Oct. 7, 2004 update: The Associated Press provides more information on the Maldive project. A draft code should be ready by the end of November. Fifty students applied for the class and eighteen were accepted. Many of the issues in the course resemble lawmaking in the West, such as statutes dealing with theft, kidnapping, fraud, forgery, and criminal culpability. Indeed, the AP's David B. Caruso reports, from interviewing several students, that they "found little in Islamic law that requires the strict enforcement of centuries-old social norms favored by some Muslim scholars, and much in it that promotes social justice."
(The counterargument presented in the Caruso article is made by me; I compare the efforts in this class to "working on the criminal law in Saddam Hussein's Iraq." I also called the Shari'a incompatible with many Western values and argue it should be rejected as a source of state law, "not made prettier.")
It is dismaying to find that law students at a major school like the University of Pennsylvania being convinced that the Shari'a promotes social justice.
Jan. 15, 2006 update: The Final Report of the Maldivian Penal Law & Sentencing Codification Project is now available. Volume 1 contains the Text of Draft Code (including Sentencing Guidelines) and Volume II contains the Official Commentary. Both were "Prepared by Professor Paul H. Robinson and the University of Pennsylvania Law School Criminal Law Research Group, Commissioned by the Office of the Attorney General of the Maldives and the United Nations Development Programme."
July 28, 2006 update: Paul Robinson takes our debate to a new level entirely in a 56-page draft research paper, "Shari'a, Legality, and the Freedom to Invent New Forms: Americans Drafting an Islamic Model Penal Code," put out by the University of Pennsylvania Law School. Written with eleven of his students on the project, the paper uses my criticism of the Maldives project as its base and then replies to it.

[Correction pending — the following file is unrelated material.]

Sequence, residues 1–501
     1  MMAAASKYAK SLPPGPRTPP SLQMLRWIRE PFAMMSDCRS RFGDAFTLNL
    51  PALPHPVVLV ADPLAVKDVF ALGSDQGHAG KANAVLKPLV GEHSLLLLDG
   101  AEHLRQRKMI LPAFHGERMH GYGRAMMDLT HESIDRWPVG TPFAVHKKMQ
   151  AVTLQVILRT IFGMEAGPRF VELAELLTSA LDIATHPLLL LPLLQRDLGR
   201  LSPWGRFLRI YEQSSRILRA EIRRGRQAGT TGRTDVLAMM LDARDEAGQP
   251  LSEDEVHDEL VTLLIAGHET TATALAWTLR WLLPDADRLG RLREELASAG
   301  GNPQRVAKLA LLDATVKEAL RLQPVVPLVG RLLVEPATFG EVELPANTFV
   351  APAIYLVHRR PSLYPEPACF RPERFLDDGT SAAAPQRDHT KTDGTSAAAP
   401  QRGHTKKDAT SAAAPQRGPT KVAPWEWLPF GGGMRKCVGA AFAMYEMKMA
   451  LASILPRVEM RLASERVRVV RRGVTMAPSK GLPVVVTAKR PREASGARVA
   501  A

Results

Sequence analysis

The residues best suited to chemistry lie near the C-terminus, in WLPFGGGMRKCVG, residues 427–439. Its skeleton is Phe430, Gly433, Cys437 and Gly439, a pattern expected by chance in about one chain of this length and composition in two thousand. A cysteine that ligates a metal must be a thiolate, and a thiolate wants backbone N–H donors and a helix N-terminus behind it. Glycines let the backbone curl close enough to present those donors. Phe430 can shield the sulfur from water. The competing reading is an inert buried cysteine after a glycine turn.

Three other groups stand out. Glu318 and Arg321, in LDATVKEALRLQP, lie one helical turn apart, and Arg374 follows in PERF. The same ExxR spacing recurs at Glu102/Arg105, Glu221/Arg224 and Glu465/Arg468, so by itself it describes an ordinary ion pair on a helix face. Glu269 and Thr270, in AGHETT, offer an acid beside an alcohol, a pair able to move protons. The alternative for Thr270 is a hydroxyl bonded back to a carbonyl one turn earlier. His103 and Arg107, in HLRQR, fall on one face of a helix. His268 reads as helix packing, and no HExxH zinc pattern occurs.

In it, the authors, all members of the Criminal Law Research Group primarily responsible for work on the Draft Maldivian Penal Code ("DMPC"), ask two questions: (1) Does participating in the Maldive Shari'a project mean becoming complicit in perpetrating injustice? (2) Does the project have value or does it amount to making the Shari'a prettier, as I accused it of doing? The article, in brief, replies with a "no" and a "yes," respectively, while justifying the group's work for not just the Maldives but for all Muslims and non-Muslims alike.
But, as the text states atop each page, "Draft Only – Do Not Cite," means I cannot meaningfully reply to it.
Oct. 31, 2006 update: Robinson and the eleven law school students published today a 53-page paper "Codifying Shari'a: International Norms, Legality & the Freedom to Invent New Forms." From the abstract:
Apr. 30, 2007 update: Robinson and one student posted a 8-page paper today, "Of Neocolonialism, Common Law and Uncodifiable Shari'a: A Reply to Professor An-Na'Im." In it, they respond
Feb. 26, 2013 update: Comes news of a crime from the Maldives, more specifically from Feydhoo in Shaviyani Atoll, in the country's north: a 15-year-old girl was raped by her step-father, made pregnant by him, and then had her baby killed by him. The police, in investigating this crime, also learned that the girl had engaged in consensual pre-marital sex. Therefore, she has been ordered to remain under house arrest at a children's home for eight months and is slated to receive 100 lashes (which she can delay until she is 18). Comment: One wonders how the code written by Robinson and his students would lead to a different result than this barbaric ruling.
May 8, 2014 update: The University of Pennsylvania Law School issued a press release today, "Penal code drafted by Prof. Paul Robinson and students is enacted in the Maldives," which announces that the Maldivian legislature, the People's Majlis, enacted his code, which it hails as "the first modern, comprehensive penal code in the world to incorporate the major tenets and principles of Islamic law." It will take force in the Maldives in 2015. The release quotes Robinson: